PACE vs. Leasing

PACE is essentially an ideal marriage between public infrastructure and private funding. Private banks underwrite the loans themselves, but the City administers the funds. Qualifying for PACE funds will vary depending on the City or County and how the program has been implemented in that jurisdiction.

Qualifying for the loan is does not necessarily require the same types of underwriting criteria for other forms of financing, such as mortgages or home improvement lending. Typically, a PACE lender will review the history of the PROPERTY and not necessarily the owner. For example, in both LA County and Western Riverside County, both of which have programs in place, will ensure that the applicant is the property owner and that the property tax bill is current. The total loan amount will be approved based on current assessments and not other criteria such as an owner’s equity position in the property. This can offer much more flexibility and a streamlined application process over other types of financing.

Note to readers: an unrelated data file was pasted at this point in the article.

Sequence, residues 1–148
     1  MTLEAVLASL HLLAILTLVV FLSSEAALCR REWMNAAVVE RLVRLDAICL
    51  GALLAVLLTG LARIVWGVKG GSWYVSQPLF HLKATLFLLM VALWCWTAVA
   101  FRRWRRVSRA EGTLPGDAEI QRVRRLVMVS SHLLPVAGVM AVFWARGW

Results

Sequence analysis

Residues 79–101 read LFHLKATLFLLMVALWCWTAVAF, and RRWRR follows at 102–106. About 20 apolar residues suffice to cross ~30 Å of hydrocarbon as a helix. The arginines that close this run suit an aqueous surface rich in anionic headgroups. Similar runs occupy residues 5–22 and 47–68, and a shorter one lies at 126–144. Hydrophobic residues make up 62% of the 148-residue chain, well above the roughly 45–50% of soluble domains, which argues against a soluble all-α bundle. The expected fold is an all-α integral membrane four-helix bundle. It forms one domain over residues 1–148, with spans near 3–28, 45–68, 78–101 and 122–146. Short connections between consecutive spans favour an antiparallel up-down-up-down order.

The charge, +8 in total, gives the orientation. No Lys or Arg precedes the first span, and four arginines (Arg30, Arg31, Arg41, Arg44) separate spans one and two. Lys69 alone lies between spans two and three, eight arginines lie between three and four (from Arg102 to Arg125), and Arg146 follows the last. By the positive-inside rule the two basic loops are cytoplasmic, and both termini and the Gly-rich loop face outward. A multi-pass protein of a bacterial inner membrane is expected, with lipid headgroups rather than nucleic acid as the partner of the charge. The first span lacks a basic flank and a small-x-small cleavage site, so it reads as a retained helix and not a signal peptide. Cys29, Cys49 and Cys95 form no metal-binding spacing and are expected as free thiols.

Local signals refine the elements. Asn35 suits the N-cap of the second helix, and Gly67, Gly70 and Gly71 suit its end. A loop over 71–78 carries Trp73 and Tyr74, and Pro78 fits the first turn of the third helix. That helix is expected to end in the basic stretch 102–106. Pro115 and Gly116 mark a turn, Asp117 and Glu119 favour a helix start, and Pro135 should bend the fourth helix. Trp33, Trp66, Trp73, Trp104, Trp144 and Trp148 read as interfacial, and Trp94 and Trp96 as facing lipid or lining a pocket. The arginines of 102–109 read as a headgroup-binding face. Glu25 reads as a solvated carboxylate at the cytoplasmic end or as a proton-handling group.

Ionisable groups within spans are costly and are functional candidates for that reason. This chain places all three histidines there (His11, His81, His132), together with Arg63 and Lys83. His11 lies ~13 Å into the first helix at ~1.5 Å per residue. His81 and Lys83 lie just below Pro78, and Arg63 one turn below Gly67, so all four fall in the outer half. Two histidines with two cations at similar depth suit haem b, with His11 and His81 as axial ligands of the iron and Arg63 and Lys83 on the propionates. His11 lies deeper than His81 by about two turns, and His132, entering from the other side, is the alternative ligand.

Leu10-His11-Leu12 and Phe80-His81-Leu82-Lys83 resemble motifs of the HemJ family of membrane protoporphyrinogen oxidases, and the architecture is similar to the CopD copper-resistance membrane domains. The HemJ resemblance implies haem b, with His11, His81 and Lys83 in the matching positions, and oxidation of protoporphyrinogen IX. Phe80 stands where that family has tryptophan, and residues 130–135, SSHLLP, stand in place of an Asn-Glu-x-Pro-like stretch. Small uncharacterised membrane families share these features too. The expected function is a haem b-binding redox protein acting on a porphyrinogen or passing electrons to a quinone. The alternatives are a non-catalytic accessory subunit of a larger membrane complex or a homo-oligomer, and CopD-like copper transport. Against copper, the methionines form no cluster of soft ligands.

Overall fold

Utilizing PACE funds, vs. leasing, offers the benefit of either reducing or eliminating the power bill, increasing the property value, and passing the value onto a buyer if the owner decides to sell the property later. Also, since typically a property owner will not have to make payment one for over a year after the system is installed and engaged, said owner will then be able to reap the economic benefits of reduced electric bills during that period, applying them to the loan itself or applying those funds to other expenses.